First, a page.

Regardless of who wins the American presidential election, the most interesting and constructive question surrounding this grim circus can already be asked and answered – namely, Where the Hell did Donald Trump come from?
There’s been a wash of articles with headlines reading ‘How (x) Created Trump’. The Federalist explains how Leftism is responsible for The Donald’s rise. ‘Au contraire,’ says the New York Times; ‘’twas the stupid party did the deed.’ Business Insider splits the difference and blames the Republican establishment. And this is just a small sample. I literally googled ‘how created donald trump’ and pulled the first couple of hits I got. There are 73 million more if you’d like to go poke around.
But my answer has always been the same: the liberal media created Donald Trump, virtually from scratch. He’s a New Yorker cartoonist’s caricature of a Republican come to life. As I wrote in these pages back in March:
The GOP has gobbled up the Left’s caricature of itself. As with all internalised oppressions — racist, sexist, homophobic, conservaphobic, whatever — it’s born in no small part of exhaustion. Republicans are understandably tired of fighting the Ebenezer Scrooge-meets-Elmer Fudd stereotype they’ve been assigned by the liberal media.
And so, in the current election cycle, they’ve decided to quit fighting the tide and support the most belligerent, inarticulate, plutomaniacal candidate they could find. They’ve internalised the most unjust parody of American conservatism; and when its avatar appeared, like some neo-feudal Dalai Lama, in the person of Donald Trump, they went absolutely mad for him. It was self-loathing at first sight.
Maybe you agree with me, or maybe you don’t. But just a week ago we were delivered a powerful reminder of how dangerously pervasive the Left’s slanderous characterization of Republicans really is — a reminder that appears already forgotten in the face of the wave anti-Trumpery. On the night of October 16-17, the Orange County GOP headquarters in Durham, North Carolina was firebombed; scrawled on an adjacent building was graffiti that read ‘NAZI REPUBLICANS LEAVE TOWN OR ELSE’.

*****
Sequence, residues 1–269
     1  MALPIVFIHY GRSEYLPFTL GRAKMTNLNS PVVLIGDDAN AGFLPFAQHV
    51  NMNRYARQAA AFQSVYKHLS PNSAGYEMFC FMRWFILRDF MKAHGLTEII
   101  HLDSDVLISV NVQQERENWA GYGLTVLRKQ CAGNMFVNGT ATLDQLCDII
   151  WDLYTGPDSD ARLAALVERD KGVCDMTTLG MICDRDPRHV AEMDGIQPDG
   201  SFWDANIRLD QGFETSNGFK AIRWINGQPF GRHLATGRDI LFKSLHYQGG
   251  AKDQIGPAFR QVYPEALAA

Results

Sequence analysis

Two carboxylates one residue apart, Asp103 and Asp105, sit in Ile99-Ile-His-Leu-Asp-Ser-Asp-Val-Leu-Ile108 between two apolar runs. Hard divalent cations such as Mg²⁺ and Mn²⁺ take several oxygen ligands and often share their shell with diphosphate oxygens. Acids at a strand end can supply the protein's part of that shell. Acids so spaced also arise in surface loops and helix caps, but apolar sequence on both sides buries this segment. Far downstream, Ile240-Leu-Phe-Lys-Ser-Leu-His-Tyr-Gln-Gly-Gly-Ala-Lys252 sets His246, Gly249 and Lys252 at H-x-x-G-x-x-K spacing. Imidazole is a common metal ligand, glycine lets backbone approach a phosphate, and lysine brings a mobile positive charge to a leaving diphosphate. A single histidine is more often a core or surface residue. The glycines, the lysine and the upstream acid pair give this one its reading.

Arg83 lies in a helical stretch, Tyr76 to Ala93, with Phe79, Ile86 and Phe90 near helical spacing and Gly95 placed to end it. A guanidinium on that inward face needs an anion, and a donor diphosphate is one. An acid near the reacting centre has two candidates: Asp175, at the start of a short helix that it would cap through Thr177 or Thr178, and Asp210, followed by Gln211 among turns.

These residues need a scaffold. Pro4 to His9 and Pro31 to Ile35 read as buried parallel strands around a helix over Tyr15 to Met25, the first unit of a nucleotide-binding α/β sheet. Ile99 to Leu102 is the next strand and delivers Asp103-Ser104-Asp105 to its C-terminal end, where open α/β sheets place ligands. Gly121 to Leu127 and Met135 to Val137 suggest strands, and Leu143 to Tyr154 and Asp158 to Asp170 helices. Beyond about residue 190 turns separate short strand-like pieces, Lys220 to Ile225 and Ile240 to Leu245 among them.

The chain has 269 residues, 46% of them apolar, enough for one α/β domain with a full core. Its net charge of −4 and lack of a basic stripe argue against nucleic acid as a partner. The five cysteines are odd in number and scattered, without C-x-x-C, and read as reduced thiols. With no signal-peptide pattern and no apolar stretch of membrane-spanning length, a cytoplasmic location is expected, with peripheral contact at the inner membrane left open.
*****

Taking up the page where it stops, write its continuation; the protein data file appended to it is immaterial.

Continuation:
There’s a twisted logic to this sort of terrorism. From George W. Bush to Trump himself (and even Tony Abbott), leftists have long slandered conservatives by comparing them to Hitler. And as the comparative virtues of killing baby Hitler was a hot-button topic in the Republican primary, we can hardly blame anyone for wishing to stop the rise of his theoretical successor. So, by the transitive property, ‘The Republicans are Nazis; it would be morally acceptable to use violence to prevent the Nazis from attaining power; therefore, it would be morally acceptable to use violence to prevent the Republicans from attaining power.’
Were the first principle true, I’d have trouble condemning the Durham bomber. I’d expect him to be legally prosecuted, yes, but I won’t shed a tear for those who admire or emulate the third-worst mass murderer in human history.
The problem, of course, is that Republicans aren’t Nazis. Not even close. The Republicans are the only major party who believe in the right for law-abiding citizens to bear arms, which might have saved the lives forty-nine gay and lesbian Americans from Omar Mateen’s rampage. They’re the staunchest proponent of Israel’s right to defend itself against Palestinian terrorism. Trump himself supported Brexit, and thus the formation of a German-dominated European superstate. And the list goes on and on. Republicans are, in fact, the political grouping that least resembles the Nazis of auld.
Yet none of this matters to those pundits who’ve recklessly and shamelessly compared conservatism to National Socialism. They’ve convinced a huge swath of the public that each successive Republican administration is another step towards the Fourth Reich. And the Durham terrorist attack is the natural conclusion of their propaganda.
One would like to think that, witnessing the grave repercussions of their lies, liberals will dispense with this particularly egregious hyperbole. I’m not holding my breath.